Thu, Apr 16:
5 pm Pacific --
EILEEN IVERS, internationally known Irish fiddler, does a free live online solo performance of her great versatility, presented by Caltech's Public Programming / "CaltechLive!" in Pasadena CA
* As you may remember, Eileen was going to perform on the campus in Beckman Auditorium just a few weeks ago -- it would have happened after things began to unravel. (Good bio and video link still at their site, here.)
* Caltech hopes many of you will "attend" this show and let your friends know.
* It's available on the CaltechLive! website at:
* Also available on Facebook Live, at:
* You can easily give Eileen a little emotional support by clicking the "heart," "like," or even "wow" buttons on FB, or you can leave comments about the show on Eileen's Youtube channel, via the CaltechLive! link. Need help? It's here:
* Eileen's new album, "Scatter the Light," reflects upon positive aspects of life and humanity, even in light of life’s struggles… focusing on moments of joy and gratitude. The array of tracks is inspired by everything from meditations on family, faith, gratitude, and loss, to calls-of-action for living in the moment, taking chances, and finding the strength to survive life’s obstacles. As our friends at the Pasadena Folk Music Society say, "Sounds perfect for our times, doesn't it?"
* This will be a solo show, but she may do a few songs from the album.
* See a short, happy and kinetic clip of Eileen with her band, here:
* Catch a 13-minute live performance set from her "Strings" Magazine show, here:
Thu, Apr 16:
5 pm Pacific --
Prejudice in the Ballet World
Staying sane, things to do / learn / explore...
When you look back years from now...
... and remember what you did -- or didn't do -- with your first long span of time-off since elementary school...
The above quote answers the fully integrated companion question without ever mentioning it. What's that, you say?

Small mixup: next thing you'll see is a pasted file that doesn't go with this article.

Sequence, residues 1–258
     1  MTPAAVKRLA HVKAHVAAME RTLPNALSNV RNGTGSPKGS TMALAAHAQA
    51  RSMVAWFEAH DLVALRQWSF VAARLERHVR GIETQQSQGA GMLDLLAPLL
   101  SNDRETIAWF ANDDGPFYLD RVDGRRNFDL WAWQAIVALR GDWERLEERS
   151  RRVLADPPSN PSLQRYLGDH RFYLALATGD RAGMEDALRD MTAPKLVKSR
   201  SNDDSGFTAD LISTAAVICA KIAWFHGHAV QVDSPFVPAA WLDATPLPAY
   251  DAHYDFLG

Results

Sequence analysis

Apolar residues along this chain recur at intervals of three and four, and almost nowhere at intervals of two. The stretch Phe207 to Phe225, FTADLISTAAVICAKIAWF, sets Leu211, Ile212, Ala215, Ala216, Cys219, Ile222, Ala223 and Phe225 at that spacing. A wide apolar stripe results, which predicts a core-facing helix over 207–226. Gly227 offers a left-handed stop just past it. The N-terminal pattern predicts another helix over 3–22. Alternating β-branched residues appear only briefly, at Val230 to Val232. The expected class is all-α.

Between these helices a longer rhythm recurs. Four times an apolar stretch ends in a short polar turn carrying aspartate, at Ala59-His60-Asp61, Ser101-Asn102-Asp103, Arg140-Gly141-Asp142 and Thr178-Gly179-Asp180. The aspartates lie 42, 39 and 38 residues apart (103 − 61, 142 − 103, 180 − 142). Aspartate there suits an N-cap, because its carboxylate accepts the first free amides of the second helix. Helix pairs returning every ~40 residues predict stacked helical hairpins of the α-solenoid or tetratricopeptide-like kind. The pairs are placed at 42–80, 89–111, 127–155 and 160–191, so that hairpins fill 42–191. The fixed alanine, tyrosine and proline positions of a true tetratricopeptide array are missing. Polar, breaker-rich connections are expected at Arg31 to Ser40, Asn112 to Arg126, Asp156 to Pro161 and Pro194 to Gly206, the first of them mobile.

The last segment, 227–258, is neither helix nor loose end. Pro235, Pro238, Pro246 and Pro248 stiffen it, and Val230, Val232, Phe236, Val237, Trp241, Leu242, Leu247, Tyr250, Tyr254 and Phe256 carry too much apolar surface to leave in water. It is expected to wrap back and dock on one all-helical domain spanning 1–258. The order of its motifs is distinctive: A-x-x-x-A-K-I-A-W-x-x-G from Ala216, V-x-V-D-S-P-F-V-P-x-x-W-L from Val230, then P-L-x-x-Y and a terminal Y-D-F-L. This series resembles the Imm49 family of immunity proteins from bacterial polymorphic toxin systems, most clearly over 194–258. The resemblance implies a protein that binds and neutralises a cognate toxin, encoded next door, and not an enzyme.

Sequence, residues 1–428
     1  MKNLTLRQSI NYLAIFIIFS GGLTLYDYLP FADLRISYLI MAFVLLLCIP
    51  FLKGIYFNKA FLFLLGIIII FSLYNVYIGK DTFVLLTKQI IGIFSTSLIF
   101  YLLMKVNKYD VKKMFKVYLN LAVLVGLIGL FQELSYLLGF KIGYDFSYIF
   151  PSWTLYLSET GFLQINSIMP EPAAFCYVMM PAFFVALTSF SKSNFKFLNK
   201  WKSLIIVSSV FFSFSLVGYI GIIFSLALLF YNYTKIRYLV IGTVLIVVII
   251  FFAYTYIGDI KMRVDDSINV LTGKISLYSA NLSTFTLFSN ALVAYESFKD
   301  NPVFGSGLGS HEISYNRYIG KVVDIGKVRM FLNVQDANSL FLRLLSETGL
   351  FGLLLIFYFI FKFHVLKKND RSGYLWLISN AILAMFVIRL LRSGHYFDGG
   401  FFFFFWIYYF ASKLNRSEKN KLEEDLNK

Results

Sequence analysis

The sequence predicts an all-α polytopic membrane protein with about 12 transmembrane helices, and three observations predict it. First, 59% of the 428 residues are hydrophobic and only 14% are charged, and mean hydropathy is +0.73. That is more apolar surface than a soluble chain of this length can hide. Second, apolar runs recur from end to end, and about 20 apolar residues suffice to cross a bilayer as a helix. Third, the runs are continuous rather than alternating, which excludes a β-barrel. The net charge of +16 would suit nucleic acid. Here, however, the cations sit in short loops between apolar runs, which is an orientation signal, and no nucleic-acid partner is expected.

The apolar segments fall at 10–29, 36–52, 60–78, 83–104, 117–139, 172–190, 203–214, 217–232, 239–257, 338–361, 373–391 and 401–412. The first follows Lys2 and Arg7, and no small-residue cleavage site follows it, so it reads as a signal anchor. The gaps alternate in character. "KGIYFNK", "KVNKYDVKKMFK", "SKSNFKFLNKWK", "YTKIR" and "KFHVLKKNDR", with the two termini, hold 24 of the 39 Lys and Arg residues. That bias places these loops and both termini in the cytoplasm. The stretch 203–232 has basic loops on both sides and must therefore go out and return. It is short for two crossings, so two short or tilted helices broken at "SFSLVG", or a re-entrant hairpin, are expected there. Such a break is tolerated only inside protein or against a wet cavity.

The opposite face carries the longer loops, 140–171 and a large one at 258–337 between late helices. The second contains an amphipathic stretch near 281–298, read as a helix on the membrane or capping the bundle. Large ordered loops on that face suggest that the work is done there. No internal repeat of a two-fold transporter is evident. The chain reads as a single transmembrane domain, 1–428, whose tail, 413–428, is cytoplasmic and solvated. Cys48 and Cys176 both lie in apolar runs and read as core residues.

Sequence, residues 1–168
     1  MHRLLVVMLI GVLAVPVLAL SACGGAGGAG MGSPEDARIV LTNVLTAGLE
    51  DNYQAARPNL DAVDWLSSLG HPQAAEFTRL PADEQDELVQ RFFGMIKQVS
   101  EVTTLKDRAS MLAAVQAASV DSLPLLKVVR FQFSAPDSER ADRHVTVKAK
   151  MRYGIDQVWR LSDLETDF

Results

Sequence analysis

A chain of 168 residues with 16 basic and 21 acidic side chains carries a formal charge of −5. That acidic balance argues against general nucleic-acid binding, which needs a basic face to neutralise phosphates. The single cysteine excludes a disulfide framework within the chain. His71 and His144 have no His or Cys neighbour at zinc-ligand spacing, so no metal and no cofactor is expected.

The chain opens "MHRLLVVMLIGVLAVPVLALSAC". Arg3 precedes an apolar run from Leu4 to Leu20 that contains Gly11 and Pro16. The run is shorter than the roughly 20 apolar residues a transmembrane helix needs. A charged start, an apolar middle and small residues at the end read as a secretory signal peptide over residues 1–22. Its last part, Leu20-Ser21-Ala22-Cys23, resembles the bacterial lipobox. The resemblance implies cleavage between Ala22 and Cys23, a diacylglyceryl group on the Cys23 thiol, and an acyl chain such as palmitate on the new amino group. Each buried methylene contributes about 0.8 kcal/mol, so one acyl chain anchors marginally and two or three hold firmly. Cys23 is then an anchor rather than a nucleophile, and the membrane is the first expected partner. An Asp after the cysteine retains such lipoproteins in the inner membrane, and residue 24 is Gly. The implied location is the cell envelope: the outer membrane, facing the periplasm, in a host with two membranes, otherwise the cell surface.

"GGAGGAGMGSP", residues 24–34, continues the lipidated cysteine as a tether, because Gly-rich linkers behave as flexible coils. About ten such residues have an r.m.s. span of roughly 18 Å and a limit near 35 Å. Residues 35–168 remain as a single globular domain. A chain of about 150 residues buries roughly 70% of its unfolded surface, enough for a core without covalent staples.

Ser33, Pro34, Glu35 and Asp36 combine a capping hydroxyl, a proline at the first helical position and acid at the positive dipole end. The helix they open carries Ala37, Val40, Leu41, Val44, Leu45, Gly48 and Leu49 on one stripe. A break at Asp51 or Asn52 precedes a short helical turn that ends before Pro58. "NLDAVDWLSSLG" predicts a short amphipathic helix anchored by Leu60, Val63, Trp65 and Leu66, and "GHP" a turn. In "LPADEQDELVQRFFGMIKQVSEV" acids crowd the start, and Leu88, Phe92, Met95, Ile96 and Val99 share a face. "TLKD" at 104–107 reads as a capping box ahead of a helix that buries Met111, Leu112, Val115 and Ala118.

HOW you're doing is very much related to WHAT you're doing. Which brings us to our three-part topic.
We continue to encourage you to pursue -- or for the first time since 4th Period Art Class, to FIND -- your creativity, in answer to that small inner voice that's always been there, asking, "Where did you go? I miss you."
Section one... commit to something that expands everything
Pick Up a new instrumentSection two... impulse recreational
Participate in the Bear Hunt
With kids out of school and so many families practicing social distancing, neighborhoods across the United States and around the world are organizing bear hunts. (Cameras welcome, but no other hunting implements.) The idea is, while you're out on a walk, the kids can be on the lookout for teddy bears (and other critters) in the windows of homes. And now there's a map of all the places with plush animals to be seen with that doggy in the window. View it and post your finds on Twitter using #bearhunt
Or, try this...
Section three... Utilitarian creativity
DIY time... Make-A-Mask
In light of the endlessly contradictory announcements made by the White House in those insufferable daily "Coronavirus Task Force" harangues from the Orange Imbecile -- and how that has everybody scrambling to keep their jobs at the CDC -- masks are now in short supply. Of course, medical-grade N95 masks must ALL go to hospitals and emergency responders. And some state's governors and city's mayors made and announced clear decisions on face-covering rules days ago.
But it all combines to make the things impossible to find without going through a Disaster Capitalist opportunist / extortion racket to get one. So... why not take a moment to make your own? There are instructions in this helpful Youtube Video.
We also recommend this one, from the New York Times:
Here’s our definitive guide to making, wearing and caring for your new face mask."
Section four... relaxing, learning, creating, without commiting to learning a new language
Used to be, people had hobbies
Well, they're baaaaack-!
Sadly, the world no longer comes with spare bedrooms or enough time between multiple jobs in the gig economy to allow time and space (or the necessary disposable capital) for "recreational activity" beyond your now-useless gym membership. That's what all of us had come to accept, with 70% of income going to pay rent.